You Are Not Alone: When To Seek Support

You Are Not Alone: When To Seek Support

It is a common aspect of modern life to emphasize our independence. At its positive, this can mean taking control of our health, income, and confidence. It means that we are trying harder than ever before not to rely on others for our emotional, physical, or financial well being. But it can be easy for this message to become corrupted. Independence should not mean isolation. Independence should also never mean that we feel guilty or hesitant in admitting we have a problem or need support. If we have taken independence to mean that we will never need help, then we could be setting ourselves up for a fall. Independence helps us to deepen our self-reliance and become more resourceful. But it can be an expression of our independence to take control of our situation by asking for help. It is important to be able to distinguish between a problem you can solve yourself and one that requires some added input. Browse the headings below to discover the times when you need to seek support.

You Need Expertise

If a particular problem goes beyond your area of expertise, it may be time to seek support. We can always address gaps in our own knowledge and try to improve our understanding of the situation. But sometimes, there simply isn’t the time or capacity for us to become an expert. It’s rarely possible in a short space of time and it’s almost never necessary. An example of times when we might need to seek support are in times when we need the advice or legal or medical professionals. It is rare that we could handle our own divorce single-handedly, for example. We might not know what avenues to pursue in complicated legal issues such as will disputes or cosmetic surgery claims. We might also need advice if we are seeking treatment for a serious illness. There are many times that we will have to rely on the knowledge of professionals. We need to understand that this is not an admission of defeat. Collaborating with others is empowering, not demeaning. If you’re lacking expertise in something, don’t hesitate to ask for advice.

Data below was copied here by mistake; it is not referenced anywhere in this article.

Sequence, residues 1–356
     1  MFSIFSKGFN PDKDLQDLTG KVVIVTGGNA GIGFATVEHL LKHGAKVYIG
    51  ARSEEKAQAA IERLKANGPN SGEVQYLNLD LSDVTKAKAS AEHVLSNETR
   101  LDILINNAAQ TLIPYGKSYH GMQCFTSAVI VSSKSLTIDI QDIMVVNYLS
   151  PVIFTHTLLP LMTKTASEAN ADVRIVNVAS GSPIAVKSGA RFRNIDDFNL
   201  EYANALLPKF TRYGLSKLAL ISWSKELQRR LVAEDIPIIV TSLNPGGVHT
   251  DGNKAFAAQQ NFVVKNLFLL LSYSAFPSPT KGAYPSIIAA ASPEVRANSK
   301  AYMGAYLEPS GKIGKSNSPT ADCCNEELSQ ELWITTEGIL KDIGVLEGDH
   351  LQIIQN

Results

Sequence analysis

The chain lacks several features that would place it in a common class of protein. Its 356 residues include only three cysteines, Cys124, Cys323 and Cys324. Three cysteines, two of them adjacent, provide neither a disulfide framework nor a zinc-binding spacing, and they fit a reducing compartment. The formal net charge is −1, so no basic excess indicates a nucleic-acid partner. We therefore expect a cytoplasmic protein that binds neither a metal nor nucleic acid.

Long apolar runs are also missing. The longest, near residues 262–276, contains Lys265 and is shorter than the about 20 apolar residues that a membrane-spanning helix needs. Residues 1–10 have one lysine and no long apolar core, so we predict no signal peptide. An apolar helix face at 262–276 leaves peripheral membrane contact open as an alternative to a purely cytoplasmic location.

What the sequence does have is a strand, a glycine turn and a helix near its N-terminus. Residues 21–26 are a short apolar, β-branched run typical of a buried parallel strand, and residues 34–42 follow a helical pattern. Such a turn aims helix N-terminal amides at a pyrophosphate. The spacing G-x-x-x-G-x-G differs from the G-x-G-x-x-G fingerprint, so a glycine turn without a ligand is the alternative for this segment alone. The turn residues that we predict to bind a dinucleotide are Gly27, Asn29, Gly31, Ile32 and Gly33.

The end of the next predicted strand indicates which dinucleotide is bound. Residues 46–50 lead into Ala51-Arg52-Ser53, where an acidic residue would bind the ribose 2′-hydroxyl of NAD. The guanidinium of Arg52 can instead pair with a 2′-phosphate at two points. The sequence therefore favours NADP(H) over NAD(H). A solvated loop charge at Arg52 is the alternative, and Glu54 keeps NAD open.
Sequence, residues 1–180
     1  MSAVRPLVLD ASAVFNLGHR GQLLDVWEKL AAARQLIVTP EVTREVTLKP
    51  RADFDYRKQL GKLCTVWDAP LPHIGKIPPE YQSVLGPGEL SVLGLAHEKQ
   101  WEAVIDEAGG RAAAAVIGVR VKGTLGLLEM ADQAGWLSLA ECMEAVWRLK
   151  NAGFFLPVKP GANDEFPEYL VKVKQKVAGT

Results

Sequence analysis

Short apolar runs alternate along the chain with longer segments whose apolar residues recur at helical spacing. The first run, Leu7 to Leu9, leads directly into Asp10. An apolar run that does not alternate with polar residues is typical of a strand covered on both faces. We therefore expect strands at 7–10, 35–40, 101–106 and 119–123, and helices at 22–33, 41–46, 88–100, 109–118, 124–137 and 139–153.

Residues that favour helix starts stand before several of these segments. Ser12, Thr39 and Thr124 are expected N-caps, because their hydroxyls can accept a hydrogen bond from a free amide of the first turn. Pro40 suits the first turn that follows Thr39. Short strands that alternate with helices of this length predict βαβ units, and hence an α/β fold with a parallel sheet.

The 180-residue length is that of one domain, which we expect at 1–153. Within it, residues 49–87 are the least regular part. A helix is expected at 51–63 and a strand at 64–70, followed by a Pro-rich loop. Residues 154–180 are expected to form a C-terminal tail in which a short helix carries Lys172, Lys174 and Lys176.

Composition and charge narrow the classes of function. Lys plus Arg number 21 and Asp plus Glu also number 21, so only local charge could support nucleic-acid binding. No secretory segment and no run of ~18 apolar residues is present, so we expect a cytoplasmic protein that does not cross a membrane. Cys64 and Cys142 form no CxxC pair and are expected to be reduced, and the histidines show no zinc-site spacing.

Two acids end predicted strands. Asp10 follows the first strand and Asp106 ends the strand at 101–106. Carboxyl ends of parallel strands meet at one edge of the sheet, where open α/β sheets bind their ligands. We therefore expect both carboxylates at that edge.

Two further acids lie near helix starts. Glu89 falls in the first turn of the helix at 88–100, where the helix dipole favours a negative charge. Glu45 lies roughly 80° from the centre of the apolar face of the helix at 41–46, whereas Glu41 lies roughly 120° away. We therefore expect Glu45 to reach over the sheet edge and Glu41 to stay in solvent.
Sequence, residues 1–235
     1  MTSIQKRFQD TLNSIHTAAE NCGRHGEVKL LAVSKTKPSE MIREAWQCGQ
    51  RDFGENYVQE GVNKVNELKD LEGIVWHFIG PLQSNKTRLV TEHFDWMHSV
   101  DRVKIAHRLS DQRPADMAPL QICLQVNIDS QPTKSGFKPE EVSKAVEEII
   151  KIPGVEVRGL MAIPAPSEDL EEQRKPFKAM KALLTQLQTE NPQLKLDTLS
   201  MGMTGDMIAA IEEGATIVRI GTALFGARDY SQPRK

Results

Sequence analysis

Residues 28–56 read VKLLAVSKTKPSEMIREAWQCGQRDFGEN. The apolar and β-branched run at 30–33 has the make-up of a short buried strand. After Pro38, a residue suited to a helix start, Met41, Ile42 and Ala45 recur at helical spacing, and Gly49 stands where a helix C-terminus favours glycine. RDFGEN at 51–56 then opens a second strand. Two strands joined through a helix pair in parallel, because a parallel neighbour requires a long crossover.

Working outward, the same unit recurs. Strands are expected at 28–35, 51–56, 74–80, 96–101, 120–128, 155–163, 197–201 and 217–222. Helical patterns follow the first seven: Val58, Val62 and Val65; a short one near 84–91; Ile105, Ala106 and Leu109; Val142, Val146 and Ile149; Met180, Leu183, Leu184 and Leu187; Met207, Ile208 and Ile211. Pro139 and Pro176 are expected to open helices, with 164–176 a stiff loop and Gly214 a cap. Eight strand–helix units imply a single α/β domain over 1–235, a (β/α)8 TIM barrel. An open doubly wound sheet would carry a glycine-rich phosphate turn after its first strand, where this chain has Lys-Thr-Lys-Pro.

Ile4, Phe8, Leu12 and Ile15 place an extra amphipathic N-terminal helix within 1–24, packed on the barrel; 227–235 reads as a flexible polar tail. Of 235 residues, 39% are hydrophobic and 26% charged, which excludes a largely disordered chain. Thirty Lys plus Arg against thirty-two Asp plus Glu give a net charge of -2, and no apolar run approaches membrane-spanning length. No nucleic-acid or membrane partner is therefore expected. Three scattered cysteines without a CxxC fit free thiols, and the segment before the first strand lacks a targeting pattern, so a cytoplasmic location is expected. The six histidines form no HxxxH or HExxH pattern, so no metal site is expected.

Your Life Is Being Affected

We may have a problem that is very specific to one area of our life, such as a job issue or relationship difficulty. If these problems start to affect other areas of our life, it is a strong possibility that we should seek some support. However strong or resilient we are, problems can affect our health and well-being remarkably quickly. You may find that an ongoing dispute at work is affecting your ability to concentrate or even harming your appetite, for example. You may find that worries about your finances are affecting the quality of your sleep or putting a strain on your relationship. Problems and concerns are a necessary part of life. But allowing their influence to spill over into your quality of life is not something you have to stand for. If you find that a specific problem is now affecting several areas of your life, it’s time to achieve some balance by getting objective support. It might include a trip to the doctor or the bank, discussing things with a professional, or communicating with a partner. Whatever form support takes, it is time to take action.

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